Mississippi seeks new ruling on abortion law

news_politics_greenBy EMILY WAGSTER PETTUS

Associated Press

JACKSON – Mississippi is asking a federal appeals court to uphold a 2012 state law requiring abortion clinic doctors to obtain hospital admitting privileges.

In late July, a panel of the 5th U.S. Circuit Court of Appeals ruled 2-1 that the law is unconstitutional because it would close Mississippi’s only abortion clinic.

Democratic Attorney General Jim Hood filed papers Wednesday asking the full court to reverse the three-judge panel’s ruling and allow Mississippi to enforce the law.

It was not immediately clear when the full court would consider the request.

The abortion clinic, Jackson Women’s Health Organization, uses out-of-state physicians who travel to Mississippi several times a month. They applied for admitting privileges at Jackson-area hospitals, but clinic owner Diane Derzis said they did not receive responses. Many hospitals, including some with religious affiliation, ignore or reject applications from abortion clinic doctors and won’t grant privileges to out-of-state physicians.

The U.S. Supreme Court established a constitutional right to abortion in its 1973 Roe v. Wade decision. On July 29, the 5th Circuit panel ruled that Mississippi may not shift its obligation for established constitutional rights of its citizens to another state.

The Jackson clinic remains open, and for years it has had an agreement with a local physician who will meet a patient at a Jackson hospital in case of complications. Derzis has said such complications are rare.

Republican Gov. Phil Bryant has said he wants to end abortion in Mississippi and he wants to go to the U.S. Supreme Court, if necessary, to try to uphold the admitting privileges law. He and other supporters said the law would protect women’s health by ensuring that a physician who performs an abortion in a clinic also would be able to treat the patient in a hospital in case of complications.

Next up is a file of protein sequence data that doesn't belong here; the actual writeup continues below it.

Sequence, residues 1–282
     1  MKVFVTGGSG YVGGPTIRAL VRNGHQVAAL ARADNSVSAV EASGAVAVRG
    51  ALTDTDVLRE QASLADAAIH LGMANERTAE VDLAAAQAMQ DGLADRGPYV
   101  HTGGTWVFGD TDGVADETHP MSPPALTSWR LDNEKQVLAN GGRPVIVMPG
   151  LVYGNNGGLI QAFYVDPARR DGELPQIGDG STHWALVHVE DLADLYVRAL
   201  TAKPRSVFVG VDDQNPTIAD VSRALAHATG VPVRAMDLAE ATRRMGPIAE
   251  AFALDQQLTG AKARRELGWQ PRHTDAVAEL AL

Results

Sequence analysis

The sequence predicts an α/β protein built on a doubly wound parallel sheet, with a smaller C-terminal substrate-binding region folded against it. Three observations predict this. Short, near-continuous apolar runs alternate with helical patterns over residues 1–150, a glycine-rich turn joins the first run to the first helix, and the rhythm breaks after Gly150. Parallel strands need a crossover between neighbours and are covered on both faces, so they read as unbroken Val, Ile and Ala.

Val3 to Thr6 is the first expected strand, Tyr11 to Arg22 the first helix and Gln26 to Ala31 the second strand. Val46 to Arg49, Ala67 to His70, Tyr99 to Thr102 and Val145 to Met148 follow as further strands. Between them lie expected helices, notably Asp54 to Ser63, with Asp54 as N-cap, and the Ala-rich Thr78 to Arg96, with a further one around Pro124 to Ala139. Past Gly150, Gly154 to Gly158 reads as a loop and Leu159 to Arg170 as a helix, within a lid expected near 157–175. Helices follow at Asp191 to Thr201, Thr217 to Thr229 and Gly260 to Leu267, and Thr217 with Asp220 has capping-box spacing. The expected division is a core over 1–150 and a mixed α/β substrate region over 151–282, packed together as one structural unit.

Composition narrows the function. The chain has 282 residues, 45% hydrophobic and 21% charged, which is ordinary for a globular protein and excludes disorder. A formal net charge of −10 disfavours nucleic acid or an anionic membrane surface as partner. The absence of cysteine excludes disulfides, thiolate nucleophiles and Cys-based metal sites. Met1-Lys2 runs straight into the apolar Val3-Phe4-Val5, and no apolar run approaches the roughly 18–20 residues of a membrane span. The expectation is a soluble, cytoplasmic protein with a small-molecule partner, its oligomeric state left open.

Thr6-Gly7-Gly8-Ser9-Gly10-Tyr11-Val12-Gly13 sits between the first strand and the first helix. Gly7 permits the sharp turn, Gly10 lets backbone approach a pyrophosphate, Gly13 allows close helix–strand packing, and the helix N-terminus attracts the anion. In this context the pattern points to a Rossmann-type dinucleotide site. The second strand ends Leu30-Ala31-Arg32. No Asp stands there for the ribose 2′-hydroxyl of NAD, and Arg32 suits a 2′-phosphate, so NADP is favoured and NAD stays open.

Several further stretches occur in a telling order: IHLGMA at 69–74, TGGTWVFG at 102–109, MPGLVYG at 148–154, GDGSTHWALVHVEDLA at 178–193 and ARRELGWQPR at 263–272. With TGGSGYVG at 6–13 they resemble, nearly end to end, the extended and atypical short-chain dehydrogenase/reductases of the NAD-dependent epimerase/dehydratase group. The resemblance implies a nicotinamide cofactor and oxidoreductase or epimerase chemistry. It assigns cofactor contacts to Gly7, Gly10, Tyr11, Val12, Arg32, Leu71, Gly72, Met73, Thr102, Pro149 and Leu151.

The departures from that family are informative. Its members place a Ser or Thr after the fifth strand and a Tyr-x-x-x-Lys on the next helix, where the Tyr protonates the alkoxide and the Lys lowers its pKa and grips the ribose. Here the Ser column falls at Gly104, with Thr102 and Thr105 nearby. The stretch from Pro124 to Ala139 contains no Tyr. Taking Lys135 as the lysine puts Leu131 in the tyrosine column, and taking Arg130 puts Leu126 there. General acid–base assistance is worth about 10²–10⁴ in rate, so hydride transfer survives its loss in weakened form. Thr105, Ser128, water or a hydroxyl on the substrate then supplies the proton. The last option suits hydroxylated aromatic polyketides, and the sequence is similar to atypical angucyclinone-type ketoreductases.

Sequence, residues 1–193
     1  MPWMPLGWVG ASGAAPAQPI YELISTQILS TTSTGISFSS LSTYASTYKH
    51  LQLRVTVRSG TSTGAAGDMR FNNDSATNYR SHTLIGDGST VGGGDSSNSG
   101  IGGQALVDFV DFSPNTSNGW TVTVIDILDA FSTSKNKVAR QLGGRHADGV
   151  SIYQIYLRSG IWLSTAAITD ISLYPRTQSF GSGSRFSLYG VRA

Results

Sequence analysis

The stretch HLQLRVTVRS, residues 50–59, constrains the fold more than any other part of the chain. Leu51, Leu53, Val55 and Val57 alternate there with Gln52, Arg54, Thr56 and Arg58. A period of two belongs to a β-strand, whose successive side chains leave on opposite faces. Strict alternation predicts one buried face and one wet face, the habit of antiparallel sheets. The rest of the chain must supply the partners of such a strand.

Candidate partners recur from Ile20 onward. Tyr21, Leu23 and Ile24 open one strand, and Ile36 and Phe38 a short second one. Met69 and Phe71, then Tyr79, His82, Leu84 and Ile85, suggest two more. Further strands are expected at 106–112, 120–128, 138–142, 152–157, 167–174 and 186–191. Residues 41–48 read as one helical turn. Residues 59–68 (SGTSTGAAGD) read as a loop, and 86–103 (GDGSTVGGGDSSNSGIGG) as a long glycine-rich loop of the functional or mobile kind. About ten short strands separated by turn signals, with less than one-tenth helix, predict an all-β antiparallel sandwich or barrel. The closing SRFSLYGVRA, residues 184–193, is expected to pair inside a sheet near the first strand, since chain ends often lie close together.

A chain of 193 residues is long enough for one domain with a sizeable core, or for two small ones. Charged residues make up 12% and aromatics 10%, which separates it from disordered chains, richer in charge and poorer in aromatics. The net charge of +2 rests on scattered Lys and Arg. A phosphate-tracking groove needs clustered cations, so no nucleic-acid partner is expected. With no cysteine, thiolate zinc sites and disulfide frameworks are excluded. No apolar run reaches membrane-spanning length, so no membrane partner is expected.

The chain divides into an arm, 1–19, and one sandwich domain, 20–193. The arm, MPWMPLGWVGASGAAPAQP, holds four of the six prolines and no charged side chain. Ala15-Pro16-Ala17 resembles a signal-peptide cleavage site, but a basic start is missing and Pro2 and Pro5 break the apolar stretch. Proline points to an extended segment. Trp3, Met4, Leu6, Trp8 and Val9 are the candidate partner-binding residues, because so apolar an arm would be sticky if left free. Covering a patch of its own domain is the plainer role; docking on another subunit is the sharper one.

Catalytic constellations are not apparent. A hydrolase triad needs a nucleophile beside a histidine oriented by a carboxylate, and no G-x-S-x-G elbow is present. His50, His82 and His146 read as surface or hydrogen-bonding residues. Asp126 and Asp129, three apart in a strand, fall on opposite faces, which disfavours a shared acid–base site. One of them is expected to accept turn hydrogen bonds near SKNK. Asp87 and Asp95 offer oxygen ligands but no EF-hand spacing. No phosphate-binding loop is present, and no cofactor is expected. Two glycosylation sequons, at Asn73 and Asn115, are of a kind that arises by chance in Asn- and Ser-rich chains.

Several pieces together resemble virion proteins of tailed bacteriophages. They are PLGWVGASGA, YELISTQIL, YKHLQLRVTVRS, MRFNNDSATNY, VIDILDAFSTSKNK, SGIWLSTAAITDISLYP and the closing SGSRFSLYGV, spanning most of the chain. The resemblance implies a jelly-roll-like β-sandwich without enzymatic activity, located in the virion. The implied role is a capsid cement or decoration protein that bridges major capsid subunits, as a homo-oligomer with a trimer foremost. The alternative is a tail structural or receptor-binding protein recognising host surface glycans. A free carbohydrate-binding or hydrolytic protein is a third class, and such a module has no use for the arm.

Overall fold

Opponents said the requirement is unnecessary, since patients in distress are automatically treated in emergency rooms, and that it gives religious-affiliated hospitals veto power over who can work in an abortion clinic and, by extension, whether a clinic can stay in business.

Ten other states have similar admitting privileges laws that have forced a growing number of clinics to close.

The 5th Circuit handles cases from Mississippi, Texas and Louisiana and is one of the most conservative federal appeals courts.

In asking all 15 judges on the 5th Circuit to reconsider the Mississippi case, Hood wrote Wednesday that a different group of 5th Circuit judges earlier this year allowed a Texas admitting privileges law to take effect.

Texas, the second-largest state in the nation, has 18 remaining abortion clinics, but more than 20 have closed since enactment of the 2013 law that includes the admitting privileges requirement.

Hood wrote that under 5th Circuit panels’ rulings in the Mississippi and Texas cases, “traveling 25 miles from Hernando, to a clinic in Memphis, Tennessee, is an undue burden, but a 150-mile trip from McAllen, Texas, to Corpus Christi, Texas, is not. This result is not only counterintuitive, but also flatly contradicts the reality that the majority of women in Mississippi already travel to other states to obtain abortions.”

Hood’s filing did not provide statistics to back up the assertion that most Mississippi women who have an abortion go out of state for the procedure.